Goldstein Law Offices
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Highland Park, IL 60035
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Serving Lake and Cook County for over 40 years
I AM NOT RESPONSIBLE FOR “HIS DEBTS” AND OTHER DELUSIONAL FABLES FROM THE DIVORCE COURT
If you have a healthy imagination, you can picture this in your mind, the divorce is over and the agreement has said, he pays one half of the bills and you pay the other half. Now two years have passed and you have just been served with a summons and complaint by the credit card company It seems that although you and your spouse allocated the bills, no one got the creditor’s input . . .the credit card company gave credit to both of you and although you and your spouse may decide who is to pay the bill, that doesn’t mean a thing to the Creditor (Plaintiff in that summons and complaint that the sheriff just delivered to you) If you are thinking that there must be a better way, you are right.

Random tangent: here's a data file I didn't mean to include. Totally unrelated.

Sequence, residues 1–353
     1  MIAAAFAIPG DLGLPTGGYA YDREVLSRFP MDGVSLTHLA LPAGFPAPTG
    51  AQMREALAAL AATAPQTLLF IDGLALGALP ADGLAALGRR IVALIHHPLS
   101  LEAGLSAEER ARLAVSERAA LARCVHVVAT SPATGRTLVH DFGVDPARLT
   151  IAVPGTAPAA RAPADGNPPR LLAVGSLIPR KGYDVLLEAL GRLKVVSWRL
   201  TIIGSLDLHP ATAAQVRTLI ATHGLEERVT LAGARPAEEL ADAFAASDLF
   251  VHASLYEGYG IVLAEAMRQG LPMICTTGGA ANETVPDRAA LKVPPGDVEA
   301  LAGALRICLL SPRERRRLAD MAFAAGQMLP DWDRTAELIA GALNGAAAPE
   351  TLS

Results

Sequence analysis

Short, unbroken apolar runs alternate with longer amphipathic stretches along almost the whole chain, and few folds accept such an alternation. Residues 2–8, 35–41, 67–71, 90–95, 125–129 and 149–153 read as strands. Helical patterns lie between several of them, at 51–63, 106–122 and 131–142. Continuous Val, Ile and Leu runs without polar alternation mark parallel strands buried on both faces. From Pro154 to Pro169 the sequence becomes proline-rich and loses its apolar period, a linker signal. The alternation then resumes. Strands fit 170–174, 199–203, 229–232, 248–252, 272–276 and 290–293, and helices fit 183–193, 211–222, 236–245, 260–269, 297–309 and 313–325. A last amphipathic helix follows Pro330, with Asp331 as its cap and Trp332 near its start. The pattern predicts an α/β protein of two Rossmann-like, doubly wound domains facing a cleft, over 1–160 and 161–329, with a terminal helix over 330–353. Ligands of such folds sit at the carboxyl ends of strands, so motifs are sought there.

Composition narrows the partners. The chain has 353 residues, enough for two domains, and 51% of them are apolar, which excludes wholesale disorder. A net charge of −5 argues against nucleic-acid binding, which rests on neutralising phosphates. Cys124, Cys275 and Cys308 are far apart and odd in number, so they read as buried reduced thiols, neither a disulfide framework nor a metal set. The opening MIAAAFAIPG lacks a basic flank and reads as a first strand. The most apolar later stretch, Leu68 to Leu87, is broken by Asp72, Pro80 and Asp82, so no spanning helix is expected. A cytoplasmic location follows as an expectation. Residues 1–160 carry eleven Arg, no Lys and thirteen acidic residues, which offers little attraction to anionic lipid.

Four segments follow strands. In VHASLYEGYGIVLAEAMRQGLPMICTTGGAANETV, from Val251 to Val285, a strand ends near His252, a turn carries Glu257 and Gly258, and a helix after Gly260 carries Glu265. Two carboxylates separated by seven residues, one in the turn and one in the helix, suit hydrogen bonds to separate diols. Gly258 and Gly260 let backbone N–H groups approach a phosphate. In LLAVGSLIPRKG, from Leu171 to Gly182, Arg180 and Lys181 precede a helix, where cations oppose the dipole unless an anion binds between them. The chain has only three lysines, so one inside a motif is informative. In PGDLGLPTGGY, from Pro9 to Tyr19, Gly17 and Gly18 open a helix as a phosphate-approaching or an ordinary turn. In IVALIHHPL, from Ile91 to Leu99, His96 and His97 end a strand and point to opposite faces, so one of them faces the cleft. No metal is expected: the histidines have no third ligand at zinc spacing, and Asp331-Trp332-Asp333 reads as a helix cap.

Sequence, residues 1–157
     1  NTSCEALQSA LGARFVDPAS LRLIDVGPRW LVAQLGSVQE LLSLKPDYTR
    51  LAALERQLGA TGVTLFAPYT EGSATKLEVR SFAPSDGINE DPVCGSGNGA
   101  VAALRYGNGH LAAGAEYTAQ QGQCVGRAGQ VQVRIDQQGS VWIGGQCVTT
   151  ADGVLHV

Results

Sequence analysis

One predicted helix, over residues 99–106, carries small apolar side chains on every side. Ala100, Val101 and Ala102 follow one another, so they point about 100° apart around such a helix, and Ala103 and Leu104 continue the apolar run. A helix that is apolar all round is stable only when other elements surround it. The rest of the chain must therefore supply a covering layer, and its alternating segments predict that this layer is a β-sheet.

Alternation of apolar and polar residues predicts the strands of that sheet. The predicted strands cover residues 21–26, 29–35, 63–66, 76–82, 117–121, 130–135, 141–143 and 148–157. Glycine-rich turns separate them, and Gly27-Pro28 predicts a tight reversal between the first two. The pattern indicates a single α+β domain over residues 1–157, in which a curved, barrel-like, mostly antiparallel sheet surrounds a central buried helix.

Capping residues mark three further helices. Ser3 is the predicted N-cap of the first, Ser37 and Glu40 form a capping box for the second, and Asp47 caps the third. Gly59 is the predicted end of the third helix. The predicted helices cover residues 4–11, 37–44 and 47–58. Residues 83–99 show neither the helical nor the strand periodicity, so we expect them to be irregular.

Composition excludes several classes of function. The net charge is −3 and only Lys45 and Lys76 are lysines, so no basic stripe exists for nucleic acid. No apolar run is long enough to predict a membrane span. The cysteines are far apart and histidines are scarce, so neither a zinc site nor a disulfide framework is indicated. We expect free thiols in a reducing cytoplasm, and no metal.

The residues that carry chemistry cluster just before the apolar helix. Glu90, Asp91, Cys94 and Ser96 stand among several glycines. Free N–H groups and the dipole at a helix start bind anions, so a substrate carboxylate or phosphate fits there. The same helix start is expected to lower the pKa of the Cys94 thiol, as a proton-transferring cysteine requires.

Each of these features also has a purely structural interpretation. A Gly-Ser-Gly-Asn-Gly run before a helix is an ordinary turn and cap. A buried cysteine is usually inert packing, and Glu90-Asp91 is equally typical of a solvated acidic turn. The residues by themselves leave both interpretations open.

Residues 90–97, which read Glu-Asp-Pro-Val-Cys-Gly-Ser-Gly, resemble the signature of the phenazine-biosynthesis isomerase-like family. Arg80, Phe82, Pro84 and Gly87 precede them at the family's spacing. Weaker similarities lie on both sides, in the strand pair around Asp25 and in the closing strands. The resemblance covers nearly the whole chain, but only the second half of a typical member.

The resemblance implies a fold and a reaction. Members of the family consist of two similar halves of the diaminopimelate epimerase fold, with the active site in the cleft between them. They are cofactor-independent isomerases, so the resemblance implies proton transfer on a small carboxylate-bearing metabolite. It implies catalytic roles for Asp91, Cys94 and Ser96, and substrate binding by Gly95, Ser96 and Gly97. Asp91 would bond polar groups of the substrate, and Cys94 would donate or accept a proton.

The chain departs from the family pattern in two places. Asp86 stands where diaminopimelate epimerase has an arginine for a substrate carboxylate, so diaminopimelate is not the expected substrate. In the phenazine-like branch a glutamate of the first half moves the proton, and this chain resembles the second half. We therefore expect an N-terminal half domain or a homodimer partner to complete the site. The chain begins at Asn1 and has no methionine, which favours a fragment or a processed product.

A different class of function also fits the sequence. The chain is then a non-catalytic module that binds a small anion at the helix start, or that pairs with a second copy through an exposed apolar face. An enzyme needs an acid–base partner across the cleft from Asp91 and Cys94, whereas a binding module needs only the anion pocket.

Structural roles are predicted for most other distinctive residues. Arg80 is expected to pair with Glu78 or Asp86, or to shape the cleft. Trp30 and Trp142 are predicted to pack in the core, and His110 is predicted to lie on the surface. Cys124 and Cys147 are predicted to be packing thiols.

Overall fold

If there are assets to be divided and debts to be paid, it’s a lot smarter when both parties could be sued for a debt, that the assets be used to pay the bills before they are divided. Lets view a few examples: that Mercedes you both loved and bought with 300 easy payments that parallel the national debt is a good example. For example you value the car at $25,000 and the debt balance is $20,000, a net of $5,000. Husband just cannot live without “his car” (for which you co signed); You get a $5,000 asset and then a divorce. He gets the car into an accident that insurance won’t fully cover, he stops making payments and the car gets repossessed. The Creditor has expenses and unpaid interest and to make a long story very short, the $20,000 car is worth $10,000 and the debt, expenses and unpaid interest are not $30,000 and the Creditor decides it wants to get paid. You are the cosigner and thus, notwithstanding the divorce agreement making it his debts, you have just gotten sued and he is broke. Here is the message, you are getting sued for 20,000 and if you have it, the creditor will collect. You are now in post judgment court trying to get reimbursed by your dead beat spouse.